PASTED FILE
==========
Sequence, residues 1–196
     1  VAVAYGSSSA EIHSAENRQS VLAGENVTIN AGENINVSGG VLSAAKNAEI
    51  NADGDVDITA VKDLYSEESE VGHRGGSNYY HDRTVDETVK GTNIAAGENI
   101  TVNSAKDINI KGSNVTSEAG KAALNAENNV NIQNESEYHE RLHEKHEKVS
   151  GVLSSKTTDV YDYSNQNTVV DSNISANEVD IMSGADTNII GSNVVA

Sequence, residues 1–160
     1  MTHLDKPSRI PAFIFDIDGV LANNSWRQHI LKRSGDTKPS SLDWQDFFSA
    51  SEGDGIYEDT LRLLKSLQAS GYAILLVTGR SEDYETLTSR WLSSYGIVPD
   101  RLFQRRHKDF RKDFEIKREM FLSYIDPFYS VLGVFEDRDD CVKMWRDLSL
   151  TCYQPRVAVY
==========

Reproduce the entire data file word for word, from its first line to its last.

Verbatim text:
Sequence, residues 1–196
     1  VAVAYGSSSA EIHSAENRQS VLAGENVTIN AGENINVSGG VLSAAKNAEI
    51  NADGDVDITA VKDLYSEESE VGHRGGSNYY HDRTVDETVK GTNIAAGENI
   101  TVNSAKDINI KGSNVTSEAG KAALNAENNV NIQNESEYHE RLHEKHEKVS
   151  GVLSSKTTDV YDYSNQNTVV DSNISANEVD IMSGADTNII GSNVVA

Sequence, residues 1–160
     1  MTHLDKPSRI PAFIFDIDGV LANNSWRQHI LKRSGDTKPS SLDWQDFFSA
    51  SEGDGIYEDT LRLLKSLQAS GYAILLVTGR SEDYETLTSR WLSSYGIVPD
   101  RLFQRRHKDF RKDFEIKREM FLSYIDPFYS VLGVFEDRDD CVKMWRDLSL
   151  TCYQPRVAVY